Nav: Home

Glucosamine supplements may be linked to lower risk of cardiovascular disease

May 14, 2019

Regular use of glucosamine supplements may be related to a lower risk of cardiovascular disease (CVD) events, suggests an analysis of data from the UK Biobank study, published in The BMJ today.

The findings suggest that glucosamine may have benefits in preventing CVD events, such as coronary heart disease and stroke, and further clinical trials are needed to test this theory, say the researchers.

Glucosamine is a popular dietary supplement used to relieve osteoarthritis and joint pain. While its effectiveness on joint pain continues to be debated, emerging evidence suggests that glucosamine may have a role in preventing cardiovascular disease and reducing mortality. However, conclusive evidence is still lacking

So to explore these potential associations further, researchers led by Professor Lu Qi at Tulane University in New Orleans drew on data from the UK Biobank - a large population based study of more than half a million British men and women.

Their analysis included 466,039 participants without CVD, who completed a questionnaire on supplement use, including glucosamine.

Death certificates and hospital records were then used to monitor CVD events, including CVD death, coronary heart disease (CHD), and stroke, over an average seven-year follow up period.

Overall, almost one in five (19.3%) participants reported glucosamine use at the start of the study.

The researchers found that glucosamine use was associated with a 15% lower risk of total CVD events, and a 9% to 22% lower risk of CHD, stroke, and CVD death compared with no use.

These favourable associations remained after taking account of traditional risk factors, including age, sex, weight (BMI), ethnicity, lifestyle, diet, medication and other supplement use.

The association between glucosamine use and CHD was also stronger in current smokers (37% lower risk) compared with never (12%) and former smokers (18%).

Several mechanisms may explain these results, say the authors. For example, regular use of glucosamine has been linked to a reduction in levels of C-reactive protein (CRP), a chemical associated with inflammation. This may also help to explain the stronger association among smokers, who have higher levels of inflammation and higher risk of CVD than non-smokers.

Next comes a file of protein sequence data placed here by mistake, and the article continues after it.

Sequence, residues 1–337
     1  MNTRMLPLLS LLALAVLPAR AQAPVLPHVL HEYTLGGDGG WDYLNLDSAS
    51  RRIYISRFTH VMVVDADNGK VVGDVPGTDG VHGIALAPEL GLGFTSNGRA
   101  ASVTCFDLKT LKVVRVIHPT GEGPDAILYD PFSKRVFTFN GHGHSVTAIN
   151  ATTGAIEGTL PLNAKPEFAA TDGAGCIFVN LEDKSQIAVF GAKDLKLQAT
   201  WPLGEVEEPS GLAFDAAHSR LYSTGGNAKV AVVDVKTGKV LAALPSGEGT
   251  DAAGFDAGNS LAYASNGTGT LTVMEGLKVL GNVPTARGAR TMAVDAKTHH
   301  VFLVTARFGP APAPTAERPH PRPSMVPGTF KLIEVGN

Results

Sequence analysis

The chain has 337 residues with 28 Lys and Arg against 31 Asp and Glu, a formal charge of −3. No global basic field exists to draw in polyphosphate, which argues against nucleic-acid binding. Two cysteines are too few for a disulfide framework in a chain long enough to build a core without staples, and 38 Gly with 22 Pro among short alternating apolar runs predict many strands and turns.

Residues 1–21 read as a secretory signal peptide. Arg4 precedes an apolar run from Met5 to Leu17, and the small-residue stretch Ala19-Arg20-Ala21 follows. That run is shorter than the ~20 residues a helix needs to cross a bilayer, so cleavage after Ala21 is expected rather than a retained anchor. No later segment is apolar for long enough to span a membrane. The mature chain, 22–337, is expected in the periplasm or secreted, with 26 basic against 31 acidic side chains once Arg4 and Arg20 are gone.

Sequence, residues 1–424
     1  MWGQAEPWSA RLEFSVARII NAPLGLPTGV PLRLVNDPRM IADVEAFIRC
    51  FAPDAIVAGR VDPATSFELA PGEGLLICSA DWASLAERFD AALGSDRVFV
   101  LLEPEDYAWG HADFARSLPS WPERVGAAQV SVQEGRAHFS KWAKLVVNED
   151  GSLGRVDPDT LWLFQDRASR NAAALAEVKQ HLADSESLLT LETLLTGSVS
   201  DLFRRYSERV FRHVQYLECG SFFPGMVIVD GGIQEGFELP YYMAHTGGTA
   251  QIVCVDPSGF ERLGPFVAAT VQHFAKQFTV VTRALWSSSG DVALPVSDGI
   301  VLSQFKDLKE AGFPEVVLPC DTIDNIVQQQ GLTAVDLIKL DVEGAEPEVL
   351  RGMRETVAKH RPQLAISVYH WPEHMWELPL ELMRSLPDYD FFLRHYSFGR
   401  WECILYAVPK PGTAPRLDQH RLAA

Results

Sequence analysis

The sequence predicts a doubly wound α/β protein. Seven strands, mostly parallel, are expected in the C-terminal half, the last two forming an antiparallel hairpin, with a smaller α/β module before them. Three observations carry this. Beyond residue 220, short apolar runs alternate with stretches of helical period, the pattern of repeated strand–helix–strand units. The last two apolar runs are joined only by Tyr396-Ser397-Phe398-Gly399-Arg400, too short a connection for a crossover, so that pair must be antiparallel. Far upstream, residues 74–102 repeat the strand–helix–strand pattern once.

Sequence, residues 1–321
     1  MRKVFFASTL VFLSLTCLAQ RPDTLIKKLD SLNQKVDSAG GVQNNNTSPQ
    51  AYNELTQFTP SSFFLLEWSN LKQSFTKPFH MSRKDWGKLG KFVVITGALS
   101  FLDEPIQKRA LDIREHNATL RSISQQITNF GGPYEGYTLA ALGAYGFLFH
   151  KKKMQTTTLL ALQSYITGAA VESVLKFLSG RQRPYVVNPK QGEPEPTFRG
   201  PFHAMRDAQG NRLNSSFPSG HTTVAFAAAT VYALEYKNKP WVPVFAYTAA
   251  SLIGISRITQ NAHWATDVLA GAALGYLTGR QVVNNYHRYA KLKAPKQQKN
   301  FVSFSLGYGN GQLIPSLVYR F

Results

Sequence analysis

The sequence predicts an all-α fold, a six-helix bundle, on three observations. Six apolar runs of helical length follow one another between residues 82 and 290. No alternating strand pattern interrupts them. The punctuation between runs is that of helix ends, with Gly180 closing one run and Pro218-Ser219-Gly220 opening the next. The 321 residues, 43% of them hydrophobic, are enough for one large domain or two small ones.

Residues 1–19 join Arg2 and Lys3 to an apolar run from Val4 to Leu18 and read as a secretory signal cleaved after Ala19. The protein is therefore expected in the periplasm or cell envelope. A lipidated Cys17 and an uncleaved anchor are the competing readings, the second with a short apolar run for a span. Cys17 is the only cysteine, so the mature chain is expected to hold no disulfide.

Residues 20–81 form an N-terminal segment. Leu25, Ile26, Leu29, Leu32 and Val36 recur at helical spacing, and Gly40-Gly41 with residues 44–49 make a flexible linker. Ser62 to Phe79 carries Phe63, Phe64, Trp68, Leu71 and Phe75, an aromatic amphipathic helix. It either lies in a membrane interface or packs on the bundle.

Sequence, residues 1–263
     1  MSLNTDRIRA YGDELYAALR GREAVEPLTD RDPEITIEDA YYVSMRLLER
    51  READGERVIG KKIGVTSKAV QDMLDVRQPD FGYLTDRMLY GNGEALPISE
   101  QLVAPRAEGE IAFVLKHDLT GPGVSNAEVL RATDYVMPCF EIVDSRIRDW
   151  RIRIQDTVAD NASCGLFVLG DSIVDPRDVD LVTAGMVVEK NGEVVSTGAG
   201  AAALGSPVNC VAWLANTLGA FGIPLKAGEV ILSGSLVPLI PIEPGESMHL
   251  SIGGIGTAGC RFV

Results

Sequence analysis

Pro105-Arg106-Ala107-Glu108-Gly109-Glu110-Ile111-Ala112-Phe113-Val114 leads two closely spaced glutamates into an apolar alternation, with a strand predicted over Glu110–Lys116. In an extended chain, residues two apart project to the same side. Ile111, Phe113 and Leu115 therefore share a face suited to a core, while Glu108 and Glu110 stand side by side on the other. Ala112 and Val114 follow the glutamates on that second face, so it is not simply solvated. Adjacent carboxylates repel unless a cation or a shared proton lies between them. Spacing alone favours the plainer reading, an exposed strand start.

In addition, previous data suggest that glucosamine may mimic a low carbohydrate diet, which has been inversely associated with the development of CVD.

Despite the large sample size, this is an observational study, and as such, can't establish cause, and the researchers point to some limitations, such as lack of information on dose, duration, and side effects of glucosamine use.

Regular glucosamine use may also be a marker for a healthy lifestyle, they add, but this is unlikely to have affected the results.

As such, they conclude that "habitual use of glucosamine supplements to relieve osteoarthritis pain might also be related to lower risks of CVD events. Further clinical trials are warranted to test this hypothesis."
-end-


BMJ

Related Cardiovascular Disease Articles:

Is educational attainment associated with lifetime risk of cardiovascular disease?
Men and women with the lowest education level had higher lifetime risks of cardiovascular disease than those with the highest education level, according to a new study published by JAMA Internal Medicine.
Food policies could lower US cardiovascular disease rates
New research conducted by the University of Liverpool and partners shows that food policies, such as fruit and vegetable subsidies, taxes on sugar sweetened drinks, and mass media campaigns to change dietary habits, could avert hundreds of thousands of deaths from cardiovascular disease (CVD) in the United States.
Cardiovascular disease causes one-third of deaths worldwide
Cardiovascular diseases (CVD), including heart diseases and stroke, account for one-third of deaths throughout the world, according to a new scientific study that examined every country over the past 25 years.
Kidney disease is a major cause of cardiovascular deaths
In 2013, reduced kidney function was associated with 4 percent of deaths worldwide, or 2.2 million deaths.
Cardiovascular disease costs will exceed $1 trillion by 2035
A new study projects that by 2035, cardiovascular disease, the most costly and prevalent killer, if left unchecked, will place a crushing economic and health burden on the nation's financial and health care systems.
More Cardiovascular Disease News and Cardiovascular Disease Current Events

Best Science Podcasts 2019

We have hand picked the best science podcasts for 2019. Sit back and enjoy new science podcasts updated daily from your favorite science news services and scientists.
Now Playing: TED Radio Hour

Anthropomorphic
Do animals grieve? Do they have language or consciousness? For a long time, scientists resisted the urge to look for human qualities in animals. This hour, TED speakers explore how that is changing. Guests include biological anthropologist Barbara King, dolphin researcher Denise Herzing, primatologist Frans de Waal, and ecologist Carl Safina.
Now Playing: Science for the People

#534 Bacteria are Coming for Your OJ
What makes breakfast, breakfast? Well, according to every movie and TV show we've ever seen, a big glass of orange juice is basically required. But our morning grapefruit might be in danger. Why? Citrus greening, a bacteria carried by a bug, has infected 90% of the citrus groves in Florida. It's coming for your OJ. We'll talk with University of Maryland plant virologist Anne Simon about ways to stop the citrus killer, and with science writer and journalist Maryn McKenna about why throwing antibiotics at the problem is probably not the solution. Related links: A Review of the Citrus Greening...